If you registered to vote, but election officials do not find your registration on file, you can use a procedure called same-day registration or “conditional voter registration,” and vote by provisional ballot while county elections officials determine your eligibility.

Identification Required for Registration:

The Voter Registration Form asks for your California driver’s license or California identification card number or the last four digits of your Social Security number.  If you do not have a driver’s license, California identification card or Social Security card, you may still register to vote.  You may leave the space requesting this information blank, and an elections official may contact you for more information regarding your eligibility to vote.  You may be required to provide proof of identification or residence the first time that you vote. The California Secretary of State has published a list of acceptable identification, which includes:

  • Driver’s license or identification card of any state
  • Passport
  • Employee identification card
  • Identification card provided by commercial establishment
  • Credit or debit card
  • Military identification card
  • Student identification card
  • Health club identification card
  • Insurance plan identification card
  • Public housing identification card
What will be on the Recall Election Ballot

The current Governor’s political party will not be listed. His opponents’ political parties will be listed. California voters will be asked two questions regarding who should be the Governor on the same ballot:

  1. Should the Governor be recalled from office? Voters will be asked to vote “yes” or “no” to the question of whether to remove the Governor from office. If a majority votes yes, the Governor will be recalled from office.
  2. If the Governor is recalled from office by a majority vote, who should take their place? A list of running candidates will be listed to replace the Governor. The Governor facing recall will not be listed.

Note: You are not required to vote on both questions. You can vote on either one or both questions. If a majority of voters vote to recall the Governor (question 1), the Governor will be removed even if no other running candidate receives more than fifty percent of the vote. The replacement candidate who receives the most votes (question 2) will finish out the current Governor’s term. This means you can still vote “no” on removing an elected official, but also select someone to replace them. That way, you can still vote for who you would choose to replace Governor Newsom should he be removed from office.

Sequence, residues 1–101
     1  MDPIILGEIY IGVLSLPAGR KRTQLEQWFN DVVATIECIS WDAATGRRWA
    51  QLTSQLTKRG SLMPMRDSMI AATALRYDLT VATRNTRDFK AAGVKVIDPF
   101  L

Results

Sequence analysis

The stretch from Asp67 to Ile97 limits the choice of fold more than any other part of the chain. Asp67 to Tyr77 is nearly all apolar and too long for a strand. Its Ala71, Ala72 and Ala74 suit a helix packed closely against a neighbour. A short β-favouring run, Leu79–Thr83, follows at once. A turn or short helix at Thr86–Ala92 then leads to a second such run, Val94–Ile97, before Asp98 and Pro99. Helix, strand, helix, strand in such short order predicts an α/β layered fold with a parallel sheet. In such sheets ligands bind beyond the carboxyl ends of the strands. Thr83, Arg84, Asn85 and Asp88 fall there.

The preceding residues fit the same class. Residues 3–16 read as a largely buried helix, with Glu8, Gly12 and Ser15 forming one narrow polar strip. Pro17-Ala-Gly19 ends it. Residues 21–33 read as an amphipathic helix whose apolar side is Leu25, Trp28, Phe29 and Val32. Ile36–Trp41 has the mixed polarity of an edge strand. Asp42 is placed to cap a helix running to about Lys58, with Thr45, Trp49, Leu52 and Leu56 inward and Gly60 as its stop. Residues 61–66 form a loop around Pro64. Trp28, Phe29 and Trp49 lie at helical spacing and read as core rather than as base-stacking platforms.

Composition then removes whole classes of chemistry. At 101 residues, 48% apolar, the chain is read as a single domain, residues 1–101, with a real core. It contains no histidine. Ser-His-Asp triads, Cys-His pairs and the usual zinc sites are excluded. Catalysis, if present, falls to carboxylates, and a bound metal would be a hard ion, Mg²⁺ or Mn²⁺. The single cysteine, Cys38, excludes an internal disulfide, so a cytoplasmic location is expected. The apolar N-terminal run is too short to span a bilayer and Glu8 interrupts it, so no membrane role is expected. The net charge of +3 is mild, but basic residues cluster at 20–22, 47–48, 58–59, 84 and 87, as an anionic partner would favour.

Voting Early & by Absentee Ballot

If You Want to Vote Early

Many counties will offer early voting at their county elections office from September 4, 2021 thru Election Day. To find out the locations and dates of early voting, contact your county elections office or visit the Secretary of State’s early voting website.

 

If You Want to Vote-by-Mail

Because of the COVID-19 pandemic, all active registered California voters will receive a VBM ballot, regardless of whether they request one or not.

If you did not receive your vote-by-mail ballot, or find that you will be unable to go to your voting location on Election Day, you can ask for a replacement ballot by September 7, 2021 by calling or emailing your county registrar’s office or by using the county’s online portal if that is an option. The same process and deadline (September 7) applies if you need to update or voter registration because of a change in address.

If you find yourself without a vote-by-mail ballot 6 days before Election Day, you may also send someone age 16 or up to your county elections office with a written request for an emergency ballot.  AN Emergency Ballot (also known as “Late Vote-by-Mail): All voters will receive a Vote-By-Mail ballot this election. If it is somehow lost or misplaced, you may qualify for an emergency ballot (also known as a “late vote-by-mail” ballot) if there is a qualifying emergency. If you are unable to go to your voting location because you are homebound due to a medical emergency, in a hospital, or in a care facility, you may apply in writing for a “late vote-by-mail” ballot. This application must be provided in person to your county elections office by the voter or someone designated as the voter’s authorized representative. Once completed, the ballot can be deposited at a vote center, drop box, polling place or the Elections Office. This can be done by a person authorized by the voter. However, even though this process is called “late vote-by-mail,” a ballot received this way cannot be returned by mail. Check with your county elections office for your options. You may also use the form provided by the California Secretary of State.